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OGDEN -- Ogden city firefighters and bomb squad members are planning to detonate hazardous materials Thursday that were found inside an elderly man's Ogden home.
Officials say the man used to work at ATK Thiokol and used the chemicals to make rocket fuel.
"He purchased this stuff at various short sales. At one point, he was taking the product and making some fuels other people would want to buy to launch their rockets," explained Ogden Deputy Fire Chief Chad Tucker.
"Some of the product is stuff you can't get your hands on nowadays," Tucker continued. "We understand up to about 2000, some of the companies would sell that leftover product."
Tucker said the man had the proper license from the Bureau of Alcohol, Tobacco and Firearms to possess the chemicals. He said they have been stored and labeled meticulously.
"I continually hear words from people up at the site testing chemicals, that go: ‘This person was a genius. He really understood what he was doing,'" Tucker said.
Officials were tipped off to the chemicals following an incident in Box Elder County on Oct 9. The man reportedly asked a friend to help him inventory chemicals at two storage facilities and possibly dispose of them.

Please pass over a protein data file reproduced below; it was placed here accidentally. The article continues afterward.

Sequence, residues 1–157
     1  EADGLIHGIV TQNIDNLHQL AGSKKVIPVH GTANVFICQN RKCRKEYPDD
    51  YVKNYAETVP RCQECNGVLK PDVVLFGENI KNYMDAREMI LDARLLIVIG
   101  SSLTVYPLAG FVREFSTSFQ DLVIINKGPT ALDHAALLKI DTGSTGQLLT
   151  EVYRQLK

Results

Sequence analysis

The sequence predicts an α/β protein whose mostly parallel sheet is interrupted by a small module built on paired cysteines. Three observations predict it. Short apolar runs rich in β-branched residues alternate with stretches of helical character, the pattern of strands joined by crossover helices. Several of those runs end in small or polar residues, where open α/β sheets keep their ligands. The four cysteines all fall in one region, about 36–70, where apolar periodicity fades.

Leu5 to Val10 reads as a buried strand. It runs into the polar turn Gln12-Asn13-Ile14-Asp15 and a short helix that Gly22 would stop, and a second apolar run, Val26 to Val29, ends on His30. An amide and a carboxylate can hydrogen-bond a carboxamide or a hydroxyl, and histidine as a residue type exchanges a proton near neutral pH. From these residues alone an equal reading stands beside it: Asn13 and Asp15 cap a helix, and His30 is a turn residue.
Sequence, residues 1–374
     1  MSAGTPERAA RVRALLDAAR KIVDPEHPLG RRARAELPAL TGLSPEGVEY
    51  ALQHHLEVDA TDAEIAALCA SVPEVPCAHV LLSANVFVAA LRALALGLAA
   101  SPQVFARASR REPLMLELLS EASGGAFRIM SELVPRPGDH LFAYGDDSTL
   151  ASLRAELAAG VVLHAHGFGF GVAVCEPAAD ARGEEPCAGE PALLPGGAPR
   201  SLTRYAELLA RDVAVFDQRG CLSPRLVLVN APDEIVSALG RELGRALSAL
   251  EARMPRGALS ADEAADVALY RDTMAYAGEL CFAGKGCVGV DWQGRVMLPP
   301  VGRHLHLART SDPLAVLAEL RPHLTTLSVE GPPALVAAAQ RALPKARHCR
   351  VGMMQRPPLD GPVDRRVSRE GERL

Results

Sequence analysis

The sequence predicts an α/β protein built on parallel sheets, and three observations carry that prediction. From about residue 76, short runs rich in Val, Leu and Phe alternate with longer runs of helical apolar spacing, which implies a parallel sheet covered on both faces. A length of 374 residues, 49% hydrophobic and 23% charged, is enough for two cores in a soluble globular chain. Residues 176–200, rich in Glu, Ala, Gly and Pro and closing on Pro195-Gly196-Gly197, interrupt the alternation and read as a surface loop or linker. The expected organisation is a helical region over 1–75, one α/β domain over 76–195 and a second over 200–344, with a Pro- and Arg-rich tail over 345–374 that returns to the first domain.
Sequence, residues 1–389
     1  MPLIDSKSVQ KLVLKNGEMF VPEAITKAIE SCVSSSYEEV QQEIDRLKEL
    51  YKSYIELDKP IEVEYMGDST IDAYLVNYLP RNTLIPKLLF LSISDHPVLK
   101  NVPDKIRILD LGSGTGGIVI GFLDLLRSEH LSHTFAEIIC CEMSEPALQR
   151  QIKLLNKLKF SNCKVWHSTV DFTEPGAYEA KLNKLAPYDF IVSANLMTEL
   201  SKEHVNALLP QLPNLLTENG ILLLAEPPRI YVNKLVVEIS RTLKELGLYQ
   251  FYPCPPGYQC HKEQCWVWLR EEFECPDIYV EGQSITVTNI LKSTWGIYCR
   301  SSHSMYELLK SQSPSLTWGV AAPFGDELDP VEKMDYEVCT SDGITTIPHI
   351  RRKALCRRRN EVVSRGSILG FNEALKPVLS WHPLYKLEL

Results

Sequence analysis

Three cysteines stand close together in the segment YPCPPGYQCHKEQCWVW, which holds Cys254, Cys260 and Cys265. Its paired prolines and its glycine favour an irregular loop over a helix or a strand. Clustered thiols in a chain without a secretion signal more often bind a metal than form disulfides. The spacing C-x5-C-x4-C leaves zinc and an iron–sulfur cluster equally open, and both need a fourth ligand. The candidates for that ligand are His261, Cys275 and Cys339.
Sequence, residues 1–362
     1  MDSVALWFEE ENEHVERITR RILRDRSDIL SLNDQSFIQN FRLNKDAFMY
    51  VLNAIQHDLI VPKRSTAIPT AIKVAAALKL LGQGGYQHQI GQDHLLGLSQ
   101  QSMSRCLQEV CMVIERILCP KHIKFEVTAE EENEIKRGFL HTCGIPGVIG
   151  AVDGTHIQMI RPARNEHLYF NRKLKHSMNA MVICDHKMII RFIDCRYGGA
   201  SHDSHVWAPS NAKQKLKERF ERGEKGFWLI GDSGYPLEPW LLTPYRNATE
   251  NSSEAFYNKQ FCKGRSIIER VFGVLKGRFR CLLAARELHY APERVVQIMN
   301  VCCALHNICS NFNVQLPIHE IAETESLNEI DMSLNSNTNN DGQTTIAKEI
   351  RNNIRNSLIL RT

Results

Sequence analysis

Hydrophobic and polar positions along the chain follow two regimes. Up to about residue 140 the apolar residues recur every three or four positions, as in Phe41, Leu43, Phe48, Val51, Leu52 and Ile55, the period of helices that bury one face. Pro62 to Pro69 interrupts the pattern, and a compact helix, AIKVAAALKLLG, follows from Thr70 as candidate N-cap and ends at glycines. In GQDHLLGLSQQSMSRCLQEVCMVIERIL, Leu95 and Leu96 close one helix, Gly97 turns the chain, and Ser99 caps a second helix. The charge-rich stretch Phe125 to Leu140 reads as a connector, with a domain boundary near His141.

The friend realized the chemicals were dangerous and called for help. Authorities interviewed the family and learned more chemicals were being stored at the man's home as well.
Due to poor health, the man is not able to help with the cleanup. Tucker said some of the chemicals are decades old, but since they are stored separately from one another, officials believe it is safe for the man and his wife to live in the house while the chemicals are removed.
Experts detonated some of the materials Saturday, spooking neighbors.
"[It sounded like] a big explosion," said Shauna Borgschatz. "We were standing inside, and the house shook a little."
"It kind of sounded like a gunshot, the way it echoed through the neighborhood," Josh Gray said.
Residents were surprised to learn what was being stored in their neighbor's basement.
"That's really scary," Borgschatz said.
"I've got little sisters and brothers, and we don't need that around them," said Gray.
The Ogden Fire Department is looking for a different site to detonate the remaining chemicals so the neighbors are not startled a second time.
Other chemicals will be destroyed by the Environmental Protection Agency.
Story compiled with contributions from Sarah Dallof and Marc Giauque.